A few friends of mine have Celiac Disease. They've all told me that the commercial gluten free beers they've tried have been terrible. Can I brew something at home that's tasty and something they can drink?
There are basically two ways of making gluten-free beer:
- Use gluten-free ingredients, like sorghum, buckwheat, millet, quinoa etc. It's doable, but it's likely it won't taste quite like "regular" beer.
- Use enzymes to break down the gluten, something like Brewers Clarex, which is sold by White Labs as "Clarity-Ferm". This stuff is added with the yeast and is designed to break down proteins and clarify the beer, but it also breaks down gluten as a "side-effect".
There's a ton of information on gluten free brewing over on the Homebrew Talk Gluten Free Forum. One of the more interesting things I saw over there was the use of roasted chestnuts to replace the malt extract when making gluten free beer. I tried it last fall, and while it wasn't perfect, it was much better than any of the commercial sorghum beers that I've tasted. I can't wait to try it again. Here's the basic process.
- 12 to 24 hours prior to brewing, soak chestnuts in the oven overnight with some Amylase Enzyme to break down the fermentable sugars.
- Strain the liquid removing the chestnut chips, and use this as the basis of your wort. If needed add water to bring up the volume to at least 2 gallons. (From here it's pretty much a normal brew process)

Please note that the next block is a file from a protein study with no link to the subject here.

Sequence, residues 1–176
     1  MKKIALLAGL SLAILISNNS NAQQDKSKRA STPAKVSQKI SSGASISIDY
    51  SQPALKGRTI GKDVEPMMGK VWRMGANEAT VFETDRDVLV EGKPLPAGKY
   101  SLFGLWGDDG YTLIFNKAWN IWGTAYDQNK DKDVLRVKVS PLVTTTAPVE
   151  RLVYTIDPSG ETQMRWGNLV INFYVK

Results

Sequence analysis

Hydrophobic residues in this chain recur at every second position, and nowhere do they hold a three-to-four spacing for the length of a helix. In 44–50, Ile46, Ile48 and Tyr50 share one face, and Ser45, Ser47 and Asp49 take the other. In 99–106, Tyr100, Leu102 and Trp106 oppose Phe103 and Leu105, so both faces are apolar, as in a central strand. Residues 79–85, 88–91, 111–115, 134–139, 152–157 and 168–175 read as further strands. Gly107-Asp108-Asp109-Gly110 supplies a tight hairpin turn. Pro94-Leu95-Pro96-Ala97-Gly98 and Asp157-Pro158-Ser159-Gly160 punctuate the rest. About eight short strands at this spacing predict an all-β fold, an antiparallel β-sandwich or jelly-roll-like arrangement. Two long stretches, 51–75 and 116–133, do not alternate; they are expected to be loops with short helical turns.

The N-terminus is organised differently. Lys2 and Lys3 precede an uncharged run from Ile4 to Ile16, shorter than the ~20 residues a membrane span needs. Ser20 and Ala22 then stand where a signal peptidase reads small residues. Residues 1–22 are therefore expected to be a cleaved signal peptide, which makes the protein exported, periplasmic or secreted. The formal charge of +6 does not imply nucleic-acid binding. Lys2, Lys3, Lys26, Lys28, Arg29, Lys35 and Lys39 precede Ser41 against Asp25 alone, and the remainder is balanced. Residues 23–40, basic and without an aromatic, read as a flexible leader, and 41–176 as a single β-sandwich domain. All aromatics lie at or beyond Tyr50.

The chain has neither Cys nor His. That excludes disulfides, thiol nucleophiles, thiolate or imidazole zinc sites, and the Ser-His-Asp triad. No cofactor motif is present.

- Bring the wort to a boil.
- Add 4 to 5 lbs of fermentable sugars such as honey or corn sugar.
- Bring back to a boil and start a 60 minute timer.
- Add hops as needed according to the type of beer you're making.
- With 15 minutes left in the boil, add 8 to 12oz of maltodextrin. Since most of the sugars produced by the chestnuts are fermentable, these beers can have a bit of a "thin" mouthfeel.
- When the boil is completed, chill the wort, transfer into the primary fermenter, and add water to bring the volume up to 5 gallons.
The beer will be cloudier than a normal beer, so here are a couple of optional steps that you can use to clear up the beer.
- Add Irish Moss during the last 2 minutes of the boil.
- After 10 to 14 days of fermenting rack it to a secondary for further clarification.
- Cold crash the beer for 24 hours or so prior to bottling or kegging.
Enjoy! Here are some additional resources.